Step 1: Write your makefile. It's saved as "Makefile" with no file extension. A makefile compiles your code and generates it into a bash command to be run in a terminal, executing your .cpp file. If your code doesn't compile, it tries to tell you what's wrong with your code in order to compile it. Pretty neat, huh?

Aria uses gpp to compile c++ code. Here's what the generic makefile looks like. You might need to change it for the libraries to point in the correct direction:

CFLAGS=-fPIC -g -Wall

SPHINX_LINK=-L/usr/local/lib -lpocketsphinx -lsphinxbase -lsphinxad -llapack -lpthread -lm
ARIA_LINK=-L/usr/local/Aria/lib -lAria -lpthread -ldl -lrt

ARIA_INCLUDE=-I/usr/local/Aria/include
SPHINX_INCLUDE=-I/usr/local/include/sphinxbase
POCKET_INCLUDE=-I/usr/local/include/pocketsphinx

%: %.cpp
    $(CXX) $(CFLAGS) $(ARIA_INCLUDE) $(SPHINX_INCLUDE) $(POCKET_INCLUDE) $< -o $@ $(ARIA_LINK) $(SPHINX_LINK)

So what does this all mean?

  • CFLAGS defines the flags that compiles this as a bash command
  • SPHINX_LINK defines where pocketsphinx and sphinxbase are located (in my case, they're located in the same place)
  • ARIA_LINK defines where the ARIA libraries are located
  • ARIA_INCLUDE defines where the Aria header files are
  • SPHINX_INCLUDE defines where the SphinxBase header files are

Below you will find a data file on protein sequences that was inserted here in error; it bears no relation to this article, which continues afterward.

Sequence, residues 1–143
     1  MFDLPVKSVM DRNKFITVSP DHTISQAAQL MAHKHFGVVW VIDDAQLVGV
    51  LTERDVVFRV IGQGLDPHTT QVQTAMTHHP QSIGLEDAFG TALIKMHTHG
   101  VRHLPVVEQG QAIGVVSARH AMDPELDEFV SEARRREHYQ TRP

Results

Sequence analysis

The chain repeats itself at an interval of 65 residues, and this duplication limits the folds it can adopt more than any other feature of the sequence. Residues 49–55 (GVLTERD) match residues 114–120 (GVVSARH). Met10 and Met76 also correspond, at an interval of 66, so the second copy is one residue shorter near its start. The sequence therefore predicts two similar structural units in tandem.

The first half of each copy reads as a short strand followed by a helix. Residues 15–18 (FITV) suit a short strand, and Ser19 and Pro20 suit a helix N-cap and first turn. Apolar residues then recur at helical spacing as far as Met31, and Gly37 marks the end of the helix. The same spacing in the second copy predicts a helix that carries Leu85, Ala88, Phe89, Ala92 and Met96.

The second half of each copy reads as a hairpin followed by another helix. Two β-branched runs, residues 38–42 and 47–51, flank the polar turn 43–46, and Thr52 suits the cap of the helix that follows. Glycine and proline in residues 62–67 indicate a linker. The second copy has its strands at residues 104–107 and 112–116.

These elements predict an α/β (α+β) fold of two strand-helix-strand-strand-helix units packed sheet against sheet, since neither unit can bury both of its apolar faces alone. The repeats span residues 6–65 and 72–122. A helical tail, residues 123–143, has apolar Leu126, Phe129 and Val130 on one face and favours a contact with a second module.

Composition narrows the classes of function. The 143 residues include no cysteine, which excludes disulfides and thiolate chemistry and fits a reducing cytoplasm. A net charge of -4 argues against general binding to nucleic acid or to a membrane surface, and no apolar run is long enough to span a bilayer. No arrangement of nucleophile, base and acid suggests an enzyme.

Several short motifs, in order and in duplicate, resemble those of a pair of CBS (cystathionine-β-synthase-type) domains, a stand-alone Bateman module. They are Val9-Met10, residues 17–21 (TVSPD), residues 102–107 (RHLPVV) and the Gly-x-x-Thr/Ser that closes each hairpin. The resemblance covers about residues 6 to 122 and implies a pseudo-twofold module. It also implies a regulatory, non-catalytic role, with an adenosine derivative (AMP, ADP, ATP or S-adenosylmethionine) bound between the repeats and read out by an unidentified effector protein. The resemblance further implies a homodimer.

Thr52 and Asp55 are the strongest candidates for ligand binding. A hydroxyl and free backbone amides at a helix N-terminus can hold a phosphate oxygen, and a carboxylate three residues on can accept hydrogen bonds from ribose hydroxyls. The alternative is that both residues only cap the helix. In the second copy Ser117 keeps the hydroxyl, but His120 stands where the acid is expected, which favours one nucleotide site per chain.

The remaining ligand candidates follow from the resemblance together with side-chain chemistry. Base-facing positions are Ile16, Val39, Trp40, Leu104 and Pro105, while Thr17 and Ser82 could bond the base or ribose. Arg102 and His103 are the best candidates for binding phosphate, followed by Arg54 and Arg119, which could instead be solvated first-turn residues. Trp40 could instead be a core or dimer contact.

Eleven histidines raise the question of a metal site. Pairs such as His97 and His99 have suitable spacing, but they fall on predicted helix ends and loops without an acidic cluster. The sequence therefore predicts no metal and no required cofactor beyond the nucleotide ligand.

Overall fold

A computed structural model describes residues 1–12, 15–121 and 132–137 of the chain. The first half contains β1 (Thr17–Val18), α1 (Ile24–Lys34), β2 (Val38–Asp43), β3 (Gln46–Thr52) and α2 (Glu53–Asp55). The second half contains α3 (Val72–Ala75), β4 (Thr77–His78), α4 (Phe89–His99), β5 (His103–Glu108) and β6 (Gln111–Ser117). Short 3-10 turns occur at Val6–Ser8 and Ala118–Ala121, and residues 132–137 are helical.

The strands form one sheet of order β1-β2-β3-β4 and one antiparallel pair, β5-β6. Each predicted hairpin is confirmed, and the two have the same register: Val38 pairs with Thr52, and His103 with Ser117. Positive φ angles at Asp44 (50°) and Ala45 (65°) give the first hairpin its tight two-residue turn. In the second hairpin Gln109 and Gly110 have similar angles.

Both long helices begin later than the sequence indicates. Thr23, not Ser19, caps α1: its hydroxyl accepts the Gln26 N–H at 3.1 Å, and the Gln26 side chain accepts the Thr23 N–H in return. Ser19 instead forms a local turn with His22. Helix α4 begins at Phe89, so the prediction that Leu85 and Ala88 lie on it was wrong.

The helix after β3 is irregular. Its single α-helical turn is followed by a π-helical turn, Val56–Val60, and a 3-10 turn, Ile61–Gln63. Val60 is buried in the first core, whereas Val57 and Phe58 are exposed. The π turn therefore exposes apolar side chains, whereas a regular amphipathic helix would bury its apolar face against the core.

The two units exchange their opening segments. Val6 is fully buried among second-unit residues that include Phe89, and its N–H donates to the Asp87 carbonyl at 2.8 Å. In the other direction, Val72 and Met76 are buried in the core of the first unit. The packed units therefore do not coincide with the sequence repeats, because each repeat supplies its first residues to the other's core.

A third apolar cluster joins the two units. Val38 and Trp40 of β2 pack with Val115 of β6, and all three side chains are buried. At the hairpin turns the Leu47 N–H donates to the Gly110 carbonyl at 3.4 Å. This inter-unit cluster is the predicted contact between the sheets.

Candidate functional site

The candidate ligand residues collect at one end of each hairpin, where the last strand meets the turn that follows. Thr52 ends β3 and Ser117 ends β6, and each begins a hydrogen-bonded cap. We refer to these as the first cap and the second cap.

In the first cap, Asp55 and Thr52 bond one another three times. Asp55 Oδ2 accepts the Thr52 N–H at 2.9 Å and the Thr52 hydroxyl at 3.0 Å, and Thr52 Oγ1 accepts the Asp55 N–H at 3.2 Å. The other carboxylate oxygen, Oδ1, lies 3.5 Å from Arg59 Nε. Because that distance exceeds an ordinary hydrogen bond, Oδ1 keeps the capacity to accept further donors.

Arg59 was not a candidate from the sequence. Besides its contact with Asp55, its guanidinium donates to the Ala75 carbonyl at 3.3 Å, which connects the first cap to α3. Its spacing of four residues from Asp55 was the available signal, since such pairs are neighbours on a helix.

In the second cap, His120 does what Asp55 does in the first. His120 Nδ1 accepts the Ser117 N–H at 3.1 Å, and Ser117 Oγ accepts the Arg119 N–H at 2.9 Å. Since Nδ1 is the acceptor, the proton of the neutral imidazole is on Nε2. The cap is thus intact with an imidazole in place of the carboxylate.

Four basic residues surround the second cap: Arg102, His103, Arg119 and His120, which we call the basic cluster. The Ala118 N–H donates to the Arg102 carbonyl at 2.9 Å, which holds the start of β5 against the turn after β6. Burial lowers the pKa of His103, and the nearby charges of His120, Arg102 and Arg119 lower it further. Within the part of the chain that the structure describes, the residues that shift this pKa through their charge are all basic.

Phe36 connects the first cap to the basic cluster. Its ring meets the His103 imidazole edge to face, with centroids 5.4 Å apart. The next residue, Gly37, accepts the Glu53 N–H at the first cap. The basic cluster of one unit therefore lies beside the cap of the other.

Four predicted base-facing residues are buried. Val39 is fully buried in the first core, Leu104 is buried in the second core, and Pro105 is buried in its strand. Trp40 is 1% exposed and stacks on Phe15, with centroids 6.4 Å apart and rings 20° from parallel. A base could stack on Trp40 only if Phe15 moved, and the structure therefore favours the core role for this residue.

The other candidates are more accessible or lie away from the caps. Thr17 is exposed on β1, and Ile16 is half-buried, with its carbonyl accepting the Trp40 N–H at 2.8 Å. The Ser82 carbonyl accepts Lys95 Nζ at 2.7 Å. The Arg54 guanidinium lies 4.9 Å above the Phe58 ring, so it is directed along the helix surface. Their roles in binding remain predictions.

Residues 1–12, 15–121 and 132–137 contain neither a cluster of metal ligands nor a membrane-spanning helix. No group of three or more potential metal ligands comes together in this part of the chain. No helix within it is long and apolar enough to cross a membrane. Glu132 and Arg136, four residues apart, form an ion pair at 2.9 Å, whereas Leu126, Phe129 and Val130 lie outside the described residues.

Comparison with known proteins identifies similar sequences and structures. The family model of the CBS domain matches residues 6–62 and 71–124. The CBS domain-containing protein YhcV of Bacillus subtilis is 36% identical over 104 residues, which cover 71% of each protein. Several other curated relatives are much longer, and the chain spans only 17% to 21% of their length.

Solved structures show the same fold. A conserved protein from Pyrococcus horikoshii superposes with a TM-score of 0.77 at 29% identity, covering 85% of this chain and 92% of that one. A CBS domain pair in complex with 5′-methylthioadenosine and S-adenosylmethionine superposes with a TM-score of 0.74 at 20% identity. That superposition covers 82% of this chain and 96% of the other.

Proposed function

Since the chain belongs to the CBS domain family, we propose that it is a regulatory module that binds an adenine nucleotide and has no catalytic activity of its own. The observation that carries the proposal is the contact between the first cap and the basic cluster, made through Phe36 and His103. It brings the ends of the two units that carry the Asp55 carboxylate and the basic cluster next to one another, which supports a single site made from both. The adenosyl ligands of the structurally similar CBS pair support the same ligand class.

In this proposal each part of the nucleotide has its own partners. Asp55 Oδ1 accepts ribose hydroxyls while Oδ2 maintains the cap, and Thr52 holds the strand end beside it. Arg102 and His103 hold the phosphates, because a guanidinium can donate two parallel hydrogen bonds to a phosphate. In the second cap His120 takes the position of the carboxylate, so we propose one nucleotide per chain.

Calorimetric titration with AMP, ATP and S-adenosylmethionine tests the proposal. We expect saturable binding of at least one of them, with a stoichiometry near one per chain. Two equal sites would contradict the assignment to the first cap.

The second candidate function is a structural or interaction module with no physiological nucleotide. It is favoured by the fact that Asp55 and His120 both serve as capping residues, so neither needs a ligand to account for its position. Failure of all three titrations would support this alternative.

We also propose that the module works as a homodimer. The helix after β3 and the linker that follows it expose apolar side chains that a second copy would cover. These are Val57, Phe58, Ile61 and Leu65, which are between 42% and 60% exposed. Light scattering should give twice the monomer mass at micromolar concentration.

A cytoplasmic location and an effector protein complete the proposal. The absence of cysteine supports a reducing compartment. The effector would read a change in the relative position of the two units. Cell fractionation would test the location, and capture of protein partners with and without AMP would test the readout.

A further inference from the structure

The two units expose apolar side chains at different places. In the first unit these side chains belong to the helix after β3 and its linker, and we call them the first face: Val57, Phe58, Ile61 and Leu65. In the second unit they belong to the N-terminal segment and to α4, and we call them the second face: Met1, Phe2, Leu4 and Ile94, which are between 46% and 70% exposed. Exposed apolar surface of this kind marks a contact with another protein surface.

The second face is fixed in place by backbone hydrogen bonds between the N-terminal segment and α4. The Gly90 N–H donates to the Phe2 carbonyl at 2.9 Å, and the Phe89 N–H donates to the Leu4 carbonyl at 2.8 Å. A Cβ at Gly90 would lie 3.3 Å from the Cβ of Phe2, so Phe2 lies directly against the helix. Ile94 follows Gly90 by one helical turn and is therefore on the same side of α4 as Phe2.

• POCKET_INCLUDE defines where the PocketSphinx header files are
  • %: %.cpp compiles the command into a bash command. Optionally we have an output file (-o) that we can define at runtime, if we really wanted to.

Modifying the voice recognition libraries

In order for main.cpp not to parse through 60,000 words, we need to limit the amount of words that Pocketsphinx/Sphinxbase actually recognizes.

  1. Go to /usr/local/share/pocketsphinx/model/en-us/
  2. Open cmudict-en-us.dict in leafpad
  3. Delete all contents (it's okay, I promise)
  4. Type in:
left L EH F T
right R AY T
backward B AE K W ER D
forward F AO R W ER D
stop s t aa p
mary M EH R IY

This limits the library to these words. You can add/delete words as you wish. Just take note: it takes longer to parse through longer lists. Duh.

Let's do this.

Alright, you're all ready to go. Let's rock and roll. \m/

  1. Open a terminal (Ctrl+Alt+t)
  2. cd to the directory with your .cpp file and Makefile.
  3. Type "make your-file-name.cpp" ..* If this doesn't compile, edit your code/makefile. Repeat this step until it DOES compile. It might help to do "make -d your-file-name.cpp to get a more verbose output. It lists literally what "make" is doing to your code.
  4. Type "ls". A bash file should have been created called "your-file-name".
  5. Type "./your-file-name" to execute the bash file. This should execute your .cpp file. If you want to make changes to the .cpp file, you must re "make" the file and then execute again.

You're all done! Congrats! All of these steps, and that was just to run something...eep. Good luck!

You can’t perform that action at this time.